Tag ‘EU Green Deal’
The original press release is available in the Commission Press Corner.
Commissioners Schmit and Breton officially launched the Pact for Skills on 10 November during the fifth edition of the European Vocational Skills Week 2020, organised by the European Commission in partnership with the German Presidency of the Council of the EU.
Europe’s skill needs are affected by mismatches and shortages, and it is only through relevant partnerships that substantial progress can be made. The focus on skills is essential to recovery from the coronavirus pandemic and for mastering the digital and green transitions.
What is the Pact for Skills?
The Pact for Skills promotes joint action to maximise the impact of investing in improving existing skills (upskilling) and training in new skills (reskilling). It calls on industry, employers, social partners, chambers of commerce, public authorities, education and training providers and employment agencies to work together and make a clear commitment to invest in training for all working age people across the Union. It also aims to support green and digital transition and assist with local and regional growth strategies.
The Pact is a flagship initiative under the European Skills Agenda for sustainable competitiveness, social fairness and resilience, presented on 1 July 2020.
First European skills partnerships announced
In addition to launching the Pact, Commissioners Breton and Schmit also announced the first European skills partnerships. These partnerships focus on strategic industrial ecosystems heavily affected by the current crisis and the priority areas identified in the European Green Deal to achieve ambitious commitments. The first European skills partnerships in key industrial ecosystems are as follows:
- Automotive: The ambition to upskill 5% of the workforce each year would result in around 700,000 people being upskilled throughout the entire ecosystem, representing a potential overall private and public investment of €7bn starting with regional pilot schemes.
- Microelectronics: Initiatives underpinning the ambition of the partnership represent an overall public and private investment of €2bn providing upskilling and reskilling opportunities for more than 250,000 workers and students (2021-2025) in Europe’s electronics clusters.
- Aerospace and defence: The ambition is to upskill around 6% of the workforce each year reaching 200,000 people, and to reskill 300,000 people to enter the ecosystem representing a public and private investment of €1bn over the next ten years.
The original article can be found on the EASME website.
The European Innovation Council Accelerator pilot supports innovation that creates the markets of tomorrow and therefore has its part to play in bringing the European Green Deal to life. Here’s how the EIC supports innovators that deliver a climate-neutral circular economy on the ground, in a few numbers.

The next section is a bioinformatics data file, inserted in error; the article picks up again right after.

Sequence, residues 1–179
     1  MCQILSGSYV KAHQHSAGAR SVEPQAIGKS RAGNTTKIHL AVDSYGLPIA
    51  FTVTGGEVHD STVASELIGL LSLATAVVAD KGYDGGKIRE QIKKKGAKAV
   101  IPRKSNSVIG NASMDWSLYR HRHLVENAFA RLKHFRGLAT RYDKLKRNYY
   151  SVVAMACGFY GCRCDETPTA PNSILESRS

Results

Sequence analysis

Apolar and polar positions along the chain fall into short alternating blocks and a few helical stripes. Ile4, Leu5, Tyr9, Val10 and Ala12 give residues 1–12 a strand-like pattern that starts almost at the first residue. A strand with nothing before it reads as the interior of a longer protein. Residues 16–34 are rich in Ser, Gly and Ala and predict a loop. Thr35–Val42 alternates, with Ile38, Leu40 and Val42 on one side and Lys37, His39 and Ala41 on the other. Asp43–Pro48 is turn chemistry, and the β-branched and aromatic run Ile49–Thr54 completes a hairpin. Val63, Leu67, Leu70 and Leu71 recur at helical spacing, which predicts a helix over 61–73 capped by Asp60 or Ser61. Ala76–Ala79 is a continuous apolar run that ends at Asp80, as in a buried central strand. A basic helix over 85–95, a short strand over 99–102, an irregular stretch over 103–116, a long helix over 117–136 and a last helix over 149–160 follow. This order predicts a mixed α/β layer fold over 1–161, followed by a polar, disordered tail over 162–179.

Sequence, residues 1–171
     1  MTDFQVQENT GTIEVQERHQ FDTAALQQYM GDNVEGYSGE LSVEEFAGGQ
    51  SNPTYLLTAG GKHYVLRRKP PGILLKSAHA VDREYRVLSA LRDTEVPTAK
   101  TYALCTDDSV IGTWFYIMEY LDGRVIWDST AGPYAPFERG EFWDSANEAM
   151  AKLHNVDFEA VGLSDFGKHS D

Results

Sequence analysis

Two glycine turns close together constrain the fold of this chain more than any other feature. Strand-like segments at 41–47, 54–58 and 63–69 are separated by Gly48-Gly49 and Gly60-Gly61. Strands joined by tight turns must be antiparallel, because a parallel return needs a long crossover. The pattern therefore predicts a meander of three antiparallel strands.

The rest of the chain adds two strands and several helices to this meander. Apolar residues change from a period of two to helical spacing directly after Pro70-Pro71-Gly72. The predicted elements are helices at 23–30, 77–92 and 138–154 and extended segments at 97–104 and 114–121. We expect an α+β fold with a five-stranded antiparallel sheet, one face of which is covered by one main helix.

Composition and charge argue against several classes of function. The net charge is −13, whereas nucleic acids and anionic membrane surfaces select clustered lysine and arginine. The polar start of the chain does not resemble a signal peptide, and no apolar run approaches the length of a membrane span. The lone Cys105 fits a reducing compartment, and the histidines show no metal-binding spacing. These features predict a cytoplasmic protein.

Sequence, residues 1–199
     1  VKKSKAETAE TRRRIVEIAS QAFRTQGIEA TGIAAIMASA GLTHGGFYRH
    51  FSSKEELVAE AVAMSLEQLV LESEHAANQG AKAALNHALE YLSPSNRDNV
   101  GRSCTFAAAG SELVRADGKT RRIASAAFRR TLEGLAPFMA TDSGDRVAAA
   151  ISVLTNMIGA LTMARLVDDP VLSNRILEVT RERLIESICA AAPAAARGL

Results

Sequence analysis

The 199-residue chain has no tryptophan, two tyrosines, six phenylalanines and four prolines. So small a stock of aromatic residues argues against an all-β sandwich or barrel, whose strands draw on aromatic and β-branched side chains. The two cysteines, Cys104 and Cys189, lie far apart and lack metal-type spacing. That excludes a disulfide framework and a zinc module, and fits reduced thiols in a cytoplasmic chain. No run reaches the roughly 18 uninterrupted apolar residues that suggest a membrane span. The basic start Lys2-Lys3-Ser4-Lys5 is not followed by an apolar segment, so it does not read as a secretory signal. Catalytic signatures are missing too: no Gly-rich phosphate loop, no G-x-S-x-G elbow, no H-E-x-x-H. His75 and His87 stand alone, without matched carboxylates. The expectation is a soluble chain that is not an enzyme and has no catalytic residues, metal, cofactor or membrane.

The push towards a green economy has received new impetus under European Green Deal – the EU’s pledge to become the first climate-neutral continent in the world. This transition will largely be market-driven and will require many new technologies, processes, economic circuits to support the shift. From waste-sorting robots and more efficient production chains, to air-cleaning flower pots, cars that inhale their own fumes and smart energy devices, green innovations supported by the EIC Accelerator are making the transition towards a circular, low-carbon economy a reality.
Young green companies at the forefront
The EIC supports over 1.100 green companies for over € 550 million in total. This represents almost 25% of all EIC-supported companies. Since the latest EIC Accelerator cut-off, companies can get equity in addition to their grant. So far, 14 green companies were offered equity for a preliminary total of € 36 million that will be negotiated on a case by case basis.
Most green companies are young – almost half of them were founded between 2012 and 2017. A majority of 70% manufacture green technologies and products.
Green innovators have attracted around € 730 million private investment after receiving their grant, which means that every 1€ invested in green companies by the EIC leveraged 1.72 € of private investment.
Most of the private investments were made in the energy, food and enterprise software industries. Five companies started floating on the stock market, mostly on Nasdaq First North, and eight companies were acquired by bigger players.
Most of the funded companies are from Spain, Italy and the UK – as are most of the EIC-funded companies in general. However, most of the private investment rounds occurred in Germany, the UK and Croatia, which hosts a project that benefitted from a € 88 million investment in the clean tech electric car company Rimac Automobili by Huyndai and KIA.
More support expected
More opportunities will soon be available for companies that support the European Green Deal through breakthrough innovations.
A one-off EIC Accelerator call for ‘green deal’ start-ups and SMEs is expected, whereby all applicants submitting for the 19 May 2020 cut-off will need to demonstrate how their innovation contributes to the goals of the European Green Deal. The 7 October 2020 cut-off for the EIC Accelerator Pilot will remain open to all innovations.
An advanced version of the amended EIC Work Programme is due to be released by the end of February, and the final version by the end of March, replacing plans for the year ahead in the current EIC Pilot Work Programme 2018 – 2020.
Discover all green innovations supported by the EIC Accelerator pilot in our datahub.